Received an invitation to Henley? Charlotte Peters tells you everything you need to know, from dress code to star-spotting.

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What is the Henley Royal Regatta?

No need for that ‘the’ – it’s simply known as Henley Royal Regatta, and is to rowing what Wimbledon is to tennis.

Founded in 1839, the regatta is world famous for its rowing races. Crews from as far afield as Japan and New Zealand come to race on the Thames. The 2018 Henley Royal Regatta  begins on Wednesday 4 July and runs until Sunday 8 July.

Don’t call it ‘The Henley Regatta’ or ‘Henley Regatta’

Always refer to it either as ‘Henley’ or ‘Henley Royal Regatta’ – not the ‘Henley Regatta’. The Regatta has been Royal since HRH Prince Albert became its first royal patron in 1851, with every reigning monarch since consenting to become a patron.

Where to watch

The best place to watch from is the Stewards’ Enclosure which is on the finish line, but you need to be either a member or a guest of a member to get in.

The next best option for those keen on following the racing is the Regatta Enclosure, just along from Stewards’. It’s a good spot, and children of all ages are welcome there – the dress code is more relaxed, too.

Alternatively get there early, take your picnic and a rug then bag a spot on the riverbank. You could also charter a rowing boat and moor on the booms.

What to wear

Henley is smart and there is a dress code, but it’s not as Draconian as Royal Ascot.

Ladies should forget wedding-style frocks, separates and fussy hats. Instead think along the lines of tea dresses and simpler straw headgear. It can get chilly by the river, so take a wrap or jacket for later.

Trying to get into the Stewards’ Enclosure in a dress or skirt above the knee is a major faux pas. Every year sees incredulous, leg-baring women being turned away at the entrance – embarrassing and a real nuisance for your host.

Don’t think you’ll slip past the eagle eyes of the officials either – you won’t.

Play it safe, follow the dress code and wear a frock that definitely covers the knee. Don’t even think about wearing trousers, a jumpsuit or culottes. Every morning at Henley sees girls being turned away from Stewards’ and then racing off into the town centre in search of a remedying knee-length number.

Another tip: forget stilettos as they will sink into the grass. In addition, your host may suggest that you walk to the start, which is well over a mile along the riverbank from the Leander Club and Stewards’ Enclosure. So make sure your footwear is up to it – wedges work best.

For gentlemen, crew, club and team blazers are fine if they have been earned. (Like club ties.)  Otherwise men should play it safe and wear a plain blazer or linen suit. A Panama goes down well though, and can be a pate-saver on a scorching day.  

Gentlemen are requested to wear a jacket and tie (or cravat) at all times, unless permission is granted by the Stewards for gentlemen to go shirt-sleeved (usually only in the hottest of temperatures).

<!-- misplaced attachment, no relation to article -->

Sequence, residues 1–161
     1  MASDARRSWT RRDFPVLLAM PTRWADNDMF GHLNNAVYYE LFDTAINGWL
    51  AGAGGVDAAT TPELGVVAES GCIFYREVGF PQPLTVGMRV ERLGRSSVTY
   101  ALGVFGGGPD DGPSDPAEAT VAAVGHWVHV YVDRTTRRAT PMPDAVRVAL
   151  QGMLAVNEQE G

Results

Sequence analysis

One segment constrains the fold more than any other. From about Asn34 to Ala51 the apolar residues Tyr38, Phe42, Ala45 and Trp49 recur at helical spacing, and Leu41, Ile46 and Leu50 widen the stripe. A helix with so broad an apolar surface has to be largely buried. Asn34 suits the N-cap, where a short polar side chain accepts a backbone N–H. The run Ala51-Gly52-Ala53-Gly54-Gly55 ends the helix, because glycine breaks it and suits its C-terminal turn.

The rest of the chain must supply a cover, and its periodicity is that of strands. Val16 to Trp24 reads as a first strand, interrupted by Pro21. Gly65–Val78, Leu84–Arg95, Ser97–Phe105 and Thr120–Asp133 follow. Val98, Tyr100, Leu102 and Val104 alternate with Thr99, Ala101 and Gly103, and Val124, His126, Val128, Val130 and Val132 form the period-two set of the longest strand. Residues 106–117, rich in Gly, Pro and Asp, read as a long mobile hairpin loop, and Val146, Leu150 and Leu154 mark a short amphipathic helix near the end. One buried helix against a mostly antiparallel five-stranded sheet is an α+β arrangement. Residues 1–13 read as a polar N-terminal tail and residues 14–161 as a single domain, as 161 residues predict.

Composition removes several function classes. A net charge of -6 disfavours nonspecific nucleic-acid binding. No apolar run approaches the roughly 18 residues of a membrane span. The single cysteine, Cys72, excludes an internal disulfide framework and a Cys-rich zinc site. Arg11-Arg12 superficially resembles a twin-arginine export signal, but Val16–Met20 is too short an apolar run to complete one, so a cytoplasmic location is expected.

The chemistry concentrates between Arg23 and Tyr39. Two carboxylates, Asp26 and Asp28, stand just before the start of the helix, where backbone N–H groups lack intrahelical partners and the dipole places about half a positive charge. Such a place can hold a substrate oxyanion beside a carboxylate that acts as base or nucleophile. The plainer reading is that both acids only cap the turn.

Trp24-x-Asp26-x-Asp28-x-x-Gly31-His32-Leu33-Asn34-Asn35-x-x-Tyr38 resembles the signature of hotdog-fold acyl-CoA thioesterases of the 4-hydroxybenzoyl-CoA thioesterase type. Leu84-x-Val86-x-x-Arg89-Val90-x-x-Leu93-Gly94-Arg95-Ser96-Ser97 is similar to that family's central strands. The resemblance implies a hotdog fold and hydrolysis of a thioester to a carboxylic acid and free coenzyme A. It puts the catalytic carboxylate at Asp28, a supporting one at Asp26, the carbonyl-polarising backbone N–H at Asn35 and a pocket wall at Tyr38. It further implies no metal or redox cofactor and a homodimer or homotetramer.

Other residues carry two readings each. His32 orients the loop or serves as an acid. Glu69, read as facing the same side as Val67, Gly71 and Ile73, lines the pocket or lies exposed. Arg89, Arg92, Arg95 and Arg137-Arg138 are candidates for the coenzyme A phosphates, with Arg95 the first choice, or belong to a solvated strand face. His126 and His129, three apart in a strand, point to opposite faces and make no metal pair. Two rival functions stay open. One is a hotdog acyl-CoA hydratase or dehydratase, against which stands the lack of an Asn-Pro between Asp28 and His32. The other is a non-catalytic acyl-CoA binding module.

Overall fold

And if it rains? Old Henley hands will always have wellies at the ready. And umbrellas and raincoats.

Mobile phone etiquette

You are forbidden to be seen to make or receive calls on your mobile in the Stewards’ Enclosure but it is acceptable to use your phone as a camera. The Stewards employ bowler-hatted Regatta officials to politely request you to cease and desist.  

Repeat offenders are expelled from the Stewards’ Enclosure and their badge numbers recorded. Excruciating.

What – and who – to watch out for

Henley Royal Regatta is seen as the pinnacle of a rower’s career, starting at schoolboy and girl level, with strong competition in the junior men’s Fawley Cup and Princess Elizabeth Cup (known as the “PE”), and for junior women, the Diamond Jubilee Challenge Cup.

Prize giving on Sunday afternoon is always made by an esteemed sportsman or sportswoman – in recent years that has included Sir Ben Ainslee, Victoria Pendleton CBE, Sir Chris Hoy, and Dame Kelly Holmes.

You’re also highly likely to see Britain’s rowing royalty: Sir Steve Redgrave, Sir Matthew Pinsent, Dame Katherine Grainger and James Cracknell are all regular attendees.

Races to watch

This year, 2018, marks the third-largest level of entries ever. Olympic silver medalists Gary and Paul O’Donovan will make their HRR debut in the Double Sculls Challenge Cup, racing against Leander Club’s Angus Groom and Jack Beaumont entered by the Great Britain squad.

In the Diamond Challenge Sculls, five-time winner Mahe Drysdale will face competition from senior internationals Kjetil Borch and Nuno Mendes of Norway and Portugal respectively

Top contenders for the Temple Challenge Cup will be Oxford Brookes, victors three times in the past four years and Amsterdamsche Studenten Roeivereeniging Nereus of the Netherlands, who won in 2015.

However American crews from Yale, Princeton, Cornell, Washington and Temple universities also offer a strong challenge.

St Paul’s School will be looking to win the “triple crown” by winning the Princess Elizabeth Challenge Cup after impressive victories at the Schools’ Head of the River and the National Schools’ Regatta.